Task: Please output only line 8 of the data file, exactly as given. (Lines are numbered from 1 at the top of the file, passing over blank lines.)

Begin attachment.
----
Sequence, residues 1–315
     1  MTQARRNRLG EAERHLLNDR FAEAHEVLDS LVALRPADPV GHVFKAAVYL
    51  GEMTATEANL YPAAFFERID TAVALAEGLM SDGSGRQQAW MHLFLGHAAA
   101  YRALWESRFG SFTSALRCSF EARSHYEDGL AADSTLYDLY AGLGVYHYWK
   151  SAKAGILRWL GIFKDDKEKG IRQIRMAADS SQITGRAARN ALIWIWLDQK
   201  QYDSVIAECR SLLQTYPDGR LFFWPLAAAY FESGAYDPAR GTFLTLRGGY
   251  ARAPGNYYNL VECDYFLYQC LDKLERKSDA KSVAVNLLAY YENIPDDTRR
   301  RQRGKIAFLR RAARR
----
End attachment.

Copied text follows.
   301  RQRGKIAFLR RAARR